Tom Ross: Traditional holiday candy tough to find in 2004

Trick or treat ... got anything in your bag besides chocolate bars?


I went shopping for treats yesterday on the odd chance that a dozen costume-clad tricksters might venture into our pitch-black neighborhood Sunday. The lack of variety was enough to make a 51-year-old kid say "boo." Back in the day, if we found a half-dozen nickel candy bars scattered amid our haul, we counted ourselves very fortunate indeed. Today, the giant candy makers dominate the shelves at the obvious places to shop for sugar handouts so thoroughly that chocolate bars have become the norm. If I didn't know better, I might think the chain retailers had made a sweetheart deal with Nestle's and Hershey's.

"If you don't stock 5,000 bags of our miniature Snickers bars with wrappers that glow in the dark -- we're going to cut you off for the rest of time!" Where's the mystery for today's pirates and princesses, ghosts and witches (those are still the favorite costumes for boys and girls, right?) when they return home from trick-or-treating with a sack full of Mars Bars, Butterfingers and Baby Ruths? Whatever happened to little candy pumpkins, black jawbreakers, peanut butter-flavored chewy candies in black and orange wrappers, chewy bats, caramels and those little rolls of sweet and tart disks whose name I forget?

Our favorite part of trick-or-treating was the ritual we went through at the end of the night. Dragging an 8-pound paper grocery bag onto the living room carpet, we would upend it and feverishly set about the task of sorting and counting the different categories of candy. Anybody with any willpower at all ate very sparingly until they were done sorting and counting because, after all, this was a contest to see who could claim the biggest haul of all, and thus the biggest potential gut ache.

Youngsters today have it way too easy, thanks to the apparently endless generosity of Steamboat's downtown merchants. Those kind shopkeepers purchase a gross of Halloween candy apiece every fall to facilitate the trick-or-treat tradition.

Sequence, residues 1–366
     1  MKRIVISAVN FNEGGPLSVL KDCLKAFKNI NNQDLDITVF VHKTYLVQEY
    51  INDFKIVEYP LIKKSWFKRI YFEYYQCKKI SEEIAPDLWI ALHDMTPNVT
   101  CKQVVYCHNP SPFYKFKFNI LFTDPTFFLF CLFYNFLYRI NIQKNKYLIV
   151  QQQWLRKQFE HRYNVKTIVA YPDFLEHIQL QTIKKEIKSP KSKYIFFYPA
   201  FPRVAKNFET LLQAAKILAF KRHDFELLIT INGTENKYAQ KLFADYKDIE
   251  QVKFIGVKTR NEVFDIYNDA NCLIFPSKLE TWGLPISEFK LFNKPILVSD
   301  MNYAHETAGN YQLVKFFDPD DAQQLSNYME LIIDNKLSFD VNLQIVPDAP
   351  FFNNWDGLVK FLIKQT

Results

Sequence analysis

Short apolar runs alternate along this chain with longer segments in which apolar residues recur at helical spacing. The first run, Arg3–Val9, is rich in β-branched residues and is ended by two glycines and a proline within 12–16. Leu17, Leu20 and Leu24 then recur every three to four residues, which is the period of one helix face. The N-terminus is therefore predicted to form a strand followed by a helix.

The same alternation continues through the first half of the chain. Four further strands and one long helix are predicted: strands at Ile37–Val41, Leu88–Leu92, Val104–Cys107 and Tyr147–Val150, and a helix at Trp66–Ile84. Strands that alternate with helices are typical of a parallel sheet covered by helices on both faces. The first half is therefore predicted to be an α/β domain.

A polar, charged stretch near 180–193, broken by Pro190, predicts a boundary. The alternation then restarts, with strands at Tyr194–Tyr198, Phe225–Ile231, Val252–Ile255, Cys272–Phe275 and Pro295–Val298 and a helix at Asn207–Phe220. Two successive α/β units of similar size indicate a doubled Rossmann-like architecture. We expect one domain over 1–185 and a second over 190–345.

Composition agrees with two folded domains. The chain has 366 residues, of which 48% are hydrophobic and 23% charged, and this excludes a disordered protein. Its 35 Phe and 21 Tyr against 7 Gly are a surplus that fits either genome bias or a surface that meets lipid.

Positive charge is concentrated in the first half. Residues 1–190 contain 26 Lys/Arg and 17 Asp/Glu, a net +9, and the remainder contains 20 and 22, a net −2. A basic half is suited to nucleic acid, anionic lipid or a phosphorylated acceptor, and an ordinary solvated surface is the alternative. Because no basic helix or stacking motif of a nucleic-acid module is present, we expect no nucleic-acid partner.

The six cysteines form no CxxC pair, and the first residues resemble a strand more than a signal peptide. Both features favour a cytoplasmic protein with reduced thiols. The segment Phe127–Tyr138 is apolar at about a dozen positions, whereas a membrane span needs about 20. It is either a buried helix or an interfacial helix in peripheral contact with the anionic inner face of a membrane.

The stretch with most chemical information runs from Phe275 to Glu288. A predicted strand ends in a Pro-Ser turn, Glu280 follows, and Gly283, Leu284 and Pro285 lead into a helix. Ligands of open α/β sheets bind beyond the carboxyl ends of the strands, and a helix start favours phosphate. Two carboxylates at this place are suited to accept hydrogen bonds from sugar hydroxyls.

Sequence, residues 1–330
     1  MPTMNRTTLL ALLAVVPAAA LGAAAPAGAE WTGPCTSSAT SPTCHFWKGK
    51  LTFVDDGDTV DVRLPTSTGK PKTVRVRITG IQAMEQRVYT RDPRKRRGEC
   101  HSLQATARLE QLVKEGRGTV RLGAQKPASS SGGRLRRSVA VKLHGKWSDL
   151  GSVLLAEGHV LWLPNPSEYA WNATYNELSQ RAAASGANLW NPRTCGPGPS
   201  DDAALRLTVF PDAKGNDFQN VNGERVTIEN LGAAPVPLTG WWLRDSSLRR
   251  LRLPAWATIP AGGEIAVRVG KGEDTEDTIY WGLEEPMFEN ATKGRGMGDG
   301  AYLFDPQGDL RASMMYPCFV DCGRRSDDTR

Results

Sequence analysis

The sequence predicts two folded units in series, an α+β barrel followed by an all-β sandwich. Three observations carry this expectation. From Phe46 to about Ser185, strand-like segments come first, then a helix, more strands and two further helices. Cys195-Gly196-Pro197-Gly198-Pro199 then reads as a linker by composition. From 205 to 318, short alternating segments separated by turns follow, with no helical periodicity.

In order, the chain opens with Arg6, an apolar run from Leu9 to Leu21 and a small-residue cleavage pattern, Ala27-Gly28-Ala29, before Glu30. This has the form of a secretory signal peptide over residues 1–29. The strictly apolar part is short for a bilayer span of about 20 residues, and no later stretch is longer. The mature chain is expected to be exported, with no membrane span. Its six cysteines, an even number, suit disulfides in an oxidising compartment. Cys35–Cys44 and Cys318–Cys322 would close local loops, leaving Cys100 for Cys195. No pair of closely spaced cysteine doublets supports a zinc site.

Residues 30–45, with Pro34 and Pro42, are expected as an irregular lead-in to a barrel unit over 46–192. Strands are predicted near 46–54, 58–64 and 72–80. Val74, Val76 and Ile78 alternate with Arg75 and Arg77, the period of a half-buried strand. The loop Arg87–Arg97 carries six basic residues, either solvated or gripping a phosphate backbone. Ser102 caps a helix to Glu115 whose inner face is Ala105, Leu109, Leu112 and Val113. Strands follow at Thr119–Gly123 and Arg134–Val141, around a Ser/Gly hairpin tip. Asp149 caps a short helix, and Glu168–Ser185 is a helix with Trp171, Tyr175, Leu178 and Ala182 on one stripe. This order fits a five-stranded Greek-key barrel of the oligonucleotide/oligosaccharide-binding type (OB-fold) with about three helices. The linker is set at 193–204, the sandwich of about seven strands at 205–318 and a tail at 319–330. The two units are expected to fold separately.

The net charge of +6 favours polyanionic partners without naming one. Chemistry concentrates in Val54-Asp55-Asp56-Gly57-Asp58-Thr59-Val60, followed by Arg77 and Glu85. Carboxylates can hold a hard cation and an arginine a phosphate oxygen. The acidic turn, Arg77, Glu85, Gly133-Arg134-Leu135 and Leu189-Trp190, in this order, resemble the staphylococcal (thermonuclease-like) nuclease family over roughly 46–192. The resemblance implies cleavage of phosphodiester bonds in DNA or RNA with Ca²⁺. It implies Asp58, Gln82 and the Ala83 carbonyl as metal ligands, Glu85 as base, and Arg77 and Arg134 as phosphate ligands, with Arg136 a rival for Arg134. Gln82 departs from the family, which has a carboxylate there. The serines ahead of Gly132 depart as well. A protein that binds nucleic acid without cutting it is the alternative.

Not only does this allow little ghouls and gremlins to amass their Halloween horde with only a minimal amount of walking, it is perfectly safe! Back when I was your age, we had to canvas a vast suburban area to build up a respectable mountain of candy. There was always some wise guy who dropped a handful of loose popcorn in your bag, and invariably, some misguided parents insisted on weighing you down with apples. That's right, apples, as in fruit!

We didn't stroll from house to house, we literally raced to cover the most ground. And only occasionally did we waste any time on houses with no lights on, even though we suspected the occupants were in there somewhere hiding behind their couch.

My own father, rascal that he is, taught me a harmless Halloween prank to play on people who hid in their darkened homes. We would take an empty wooden spool out of my mother's sewing box and cut notches in the rims of the spool at either end. Replacing the thread, we wound a stout cord around the spool. Then, we inserted a large nail into the hole in the spool. By placing the spool against a picture window and pulling on the cord, a trick-or-treater could jolt the candy slackers out of their hiding places. My father probably didn't imagine that I would visit this torment on the biggest grouch within a two-mile radius of our home. We had to run for our lives through the back yards that Halloween night. The greatest danger in our neighborhood on Halloween was posed by several bullies who thought it was great sport to drop lit firecrackers into the paper bags carried by smaller children. This reckless practice often opened a gash in the candy bag that scattered the kiddies' booty about the sidewalk, resulting in such wailing and screaming that it probably would have frightened a ghost.

I wonder how those bullies of decades ago are spending Halloween 2004? On second thought, I don't want to know which penal institution they now call home.

Every family has its own trick-or-treat ritual, and I ran into an acquaintance yesterday who shared a custom I had not heard of. When she and her siblings returned from their rounds, she said, they were allowed to select the 25 most desirable treats for consumption in the coming days. Their parents then proceeded to bargain with them for a cash buy-out for the remaining contents of their candy bags. Usually, the kids caved in for $2.

To this day, my friend can't be certain what happened to all of that candy.

But she has a pretty good idea.

Have a safe Halloween everyone. And don't eat too many gummi vampire teeth in one sitting.


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